The lasting impact of the raid on Gary Adams' home became clear in a comment from his 3-year-old granddaughter during a recent trip to the pharmacy.
"She said, 'Granddad. Police. Hide,' " Adams, 57, of Bellevue recalled Wednesday while discussing the federal lawsuit he filed against the officers who burst into his home March 3.
Led by FBI Special Agent Karen Springmeyer, about a dozen officers used a battering ram to enter Adams' rented Orchard Street home in a search for Sondra Hunter, then 35. But Hunter hadn't lived at that address for almost two years, while Adams and his family had been living there for more than a year, according to the lawsuit filed by Adams and 10 other family members.
The family crowded into a Downtown conference room with their lawyer, Timothy O'Brien, to discuss the case.
An FBI spokeswoman referred all calls to the U.S. Attorney's Office, where a spokeswoman declined to comment.
The lawsuit says that officers knew, or should have known, that Hunter no longer lived there. By executing an arrest warrant at a residence that wasn't Hunter's, they violated the family's Fourth Amendment right against unreasonable search and seizure, and their Fifth Amendment right to due process, the lawsuit says.
The officers were part of a local, state and federal task force rounding up more than three dozen people suspected of being members of the Manchester Original Gangsters street gang. Hunter was still at large at the end of the sweep, and court records show that she was living in Long Beach, Calif., at the time. She returned to Pittsburgh when she heard she was wanted by the police.
She is charged with conspiracy and heroin trafficking and is free on a $25,000 unsecured bond.
Adams said he knew Hunter's family from when they lived in Manchester, but there was no other connection between them and no reason for police to believe that Hunter lived in the house.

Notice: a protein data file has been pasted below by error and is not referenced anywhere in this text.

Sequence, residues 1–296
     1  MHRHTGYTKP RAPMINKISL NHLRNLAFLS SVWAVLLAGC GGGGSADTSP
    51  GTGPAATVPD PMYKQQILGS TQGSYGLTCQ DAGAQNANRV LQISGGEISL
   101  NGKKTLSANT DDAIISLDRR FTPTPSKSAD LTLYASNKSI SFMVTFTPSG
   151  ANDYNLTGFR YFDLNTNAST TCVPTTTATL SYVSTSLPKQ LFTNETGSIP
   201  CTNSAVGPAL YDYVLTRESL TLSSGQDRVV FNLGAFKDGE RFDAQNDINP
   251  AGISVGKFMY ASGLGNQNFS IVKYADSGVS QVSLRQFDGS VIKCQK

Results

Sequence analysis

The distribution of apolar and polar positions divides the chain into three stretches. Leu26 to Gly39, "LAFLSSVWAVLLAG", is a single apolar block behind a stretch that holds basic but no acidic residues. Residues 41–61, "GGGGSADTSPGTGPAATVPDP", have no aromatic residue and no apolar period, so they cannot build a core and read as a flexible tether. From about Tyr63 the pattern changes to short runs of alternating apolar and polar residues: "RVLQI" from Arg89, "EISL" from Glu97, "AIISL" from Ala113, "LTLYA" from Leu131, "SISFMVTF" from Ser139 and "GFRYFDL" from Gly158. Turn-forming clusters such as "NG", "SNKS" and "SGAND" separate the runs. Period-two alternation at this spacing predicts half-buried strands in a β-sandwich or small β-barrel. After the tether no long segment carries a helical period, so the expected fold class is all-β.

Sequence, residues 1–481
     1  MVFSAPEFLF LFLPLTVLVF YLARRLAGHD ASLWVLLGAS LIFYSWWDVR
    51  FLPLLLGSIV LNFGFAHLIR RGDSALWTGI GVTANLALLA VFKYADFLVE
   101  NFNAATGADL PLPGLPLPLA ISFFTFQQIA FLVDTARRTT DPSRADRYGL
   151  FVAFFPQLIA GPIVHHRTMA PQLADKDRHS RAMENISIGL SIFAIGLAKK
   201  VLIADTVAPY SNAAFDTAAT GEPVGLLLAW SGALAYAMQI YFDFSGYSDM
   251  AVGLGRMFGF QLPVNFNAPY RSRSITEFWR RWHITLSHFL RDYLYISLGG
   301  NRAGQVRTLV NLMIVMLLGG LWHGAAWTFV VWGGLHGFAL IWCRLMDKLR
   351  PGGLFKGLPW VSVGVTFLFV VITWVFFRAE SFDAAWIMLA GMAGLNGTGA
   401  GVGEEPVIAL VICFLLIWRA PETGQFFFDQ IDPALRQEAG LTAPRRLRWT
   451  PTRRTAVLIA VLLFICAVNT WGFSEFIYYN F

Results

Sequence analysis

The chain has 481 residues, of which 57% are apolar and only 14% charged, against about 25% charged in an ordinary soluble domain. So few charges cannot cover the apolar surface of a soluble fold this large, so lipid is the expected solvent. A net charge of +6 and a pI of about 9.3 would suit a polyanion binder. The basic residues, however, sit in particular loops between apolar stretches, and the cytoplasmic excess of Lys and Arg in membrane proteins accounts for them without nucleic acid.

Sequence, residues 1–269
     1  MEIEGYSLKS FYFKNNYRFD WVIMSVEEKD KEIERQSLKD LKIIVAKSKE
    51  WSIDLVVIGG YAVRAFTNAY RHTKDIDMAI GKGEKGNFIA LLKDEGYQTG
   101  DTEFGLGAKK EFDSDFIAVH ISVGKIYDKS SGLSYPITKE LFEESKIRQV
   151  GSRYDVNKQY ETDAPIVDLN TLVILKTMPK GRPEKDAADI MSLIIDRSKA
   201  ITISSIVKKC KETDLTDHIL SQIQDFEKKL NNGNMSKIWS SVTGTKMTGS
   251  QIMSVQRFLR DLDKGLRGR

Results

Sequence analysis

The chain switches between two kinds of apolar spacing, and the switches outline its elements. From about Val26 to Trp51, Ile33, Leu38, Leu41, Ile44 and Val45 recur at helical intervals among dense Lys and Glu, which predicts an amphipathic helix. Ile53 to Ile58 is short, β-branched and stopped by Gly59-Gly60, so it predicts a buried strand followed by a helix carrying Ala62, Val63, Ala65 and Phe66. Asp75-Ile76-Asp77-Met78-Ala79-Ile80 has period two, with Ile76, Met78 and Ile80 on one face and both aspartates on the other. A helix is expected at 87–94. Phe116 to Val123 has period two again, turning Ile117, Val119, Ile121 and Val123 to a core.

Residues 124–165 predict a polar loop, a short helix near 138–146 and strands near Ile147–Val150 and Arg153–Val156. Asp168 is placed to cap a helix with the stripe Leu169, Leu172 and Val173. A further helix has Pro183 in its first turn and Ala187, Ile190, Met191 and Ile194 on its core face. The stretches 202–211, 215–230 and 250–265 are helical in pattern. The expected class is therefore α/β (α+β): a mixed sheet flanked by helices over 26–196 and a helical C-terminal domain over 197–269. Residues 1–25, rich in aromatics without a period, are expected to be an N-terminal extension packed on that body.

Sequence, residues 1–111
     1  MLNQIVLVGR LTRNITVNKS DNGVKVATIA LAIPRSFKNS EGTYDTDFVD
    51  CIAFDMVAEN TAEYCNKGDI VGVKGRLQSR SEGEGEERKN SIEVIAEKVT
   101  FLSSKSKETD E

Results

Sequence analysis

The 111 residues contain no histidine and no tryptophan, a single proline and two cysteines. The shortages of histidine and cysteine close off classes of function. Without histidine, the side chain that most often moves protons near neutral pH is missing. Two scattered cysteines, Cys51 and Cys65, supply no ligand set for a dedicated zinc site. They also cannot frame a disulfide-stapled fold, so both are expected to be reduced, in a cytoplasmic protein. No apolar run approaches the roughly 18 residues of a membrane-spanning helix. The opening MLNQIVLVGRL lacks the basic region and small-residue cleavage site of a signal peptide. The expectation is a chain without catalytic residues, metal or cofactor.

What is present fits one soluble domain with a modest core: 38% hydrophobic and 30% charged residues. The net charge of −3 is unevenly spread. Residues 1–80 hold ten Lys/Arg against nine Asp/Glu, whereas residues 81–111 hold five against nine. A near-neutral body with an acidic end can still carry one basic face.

Other than citations for traffic violations and scalping tickets without a permit, Adams has been a law-abiding citizen.
The incident destroyed his confidence in the police and his ability to sleep through the night, he said.
"They had guns on my wife, my babies. I'd like to know how they would feel -- the people in my house -- if that happened to them," he said.
Denise Adams, 58, said seeing the red dots from the officers' targeting lasers crawl across her children's faces also has cost her faith in law enforcement.
"I don't want to, but this was terrifying," she sobbed.
Duquesne University law professor Bruce Ledewitz said arrest warrants don't give police carte blanche to enter any building because they think a suspect is inside. Instead, such warrants only authorize police to go to the person's residence.
Police usually enjoy "qualified immunity" from lawsuits even when they make mistakes, as long as they were carrying out their duties responsibly, he said. Entering a residence without probable cause, however, would strip the immunity away from those officers.
University of Pittsburgh law professor David Harris said the family faces several obstacles in winning. In particular, he thought it would be tough for them to overcome the officer's qualified immunity because the Supreme Court has repeatedly raised the bar for suing police officers.
"Not only do they have to make a mistake, it has to have been particularly egregious," for them to lose immunity, he said. "They have to be violating a law that was absolutely crystal clear, and they have to have known it."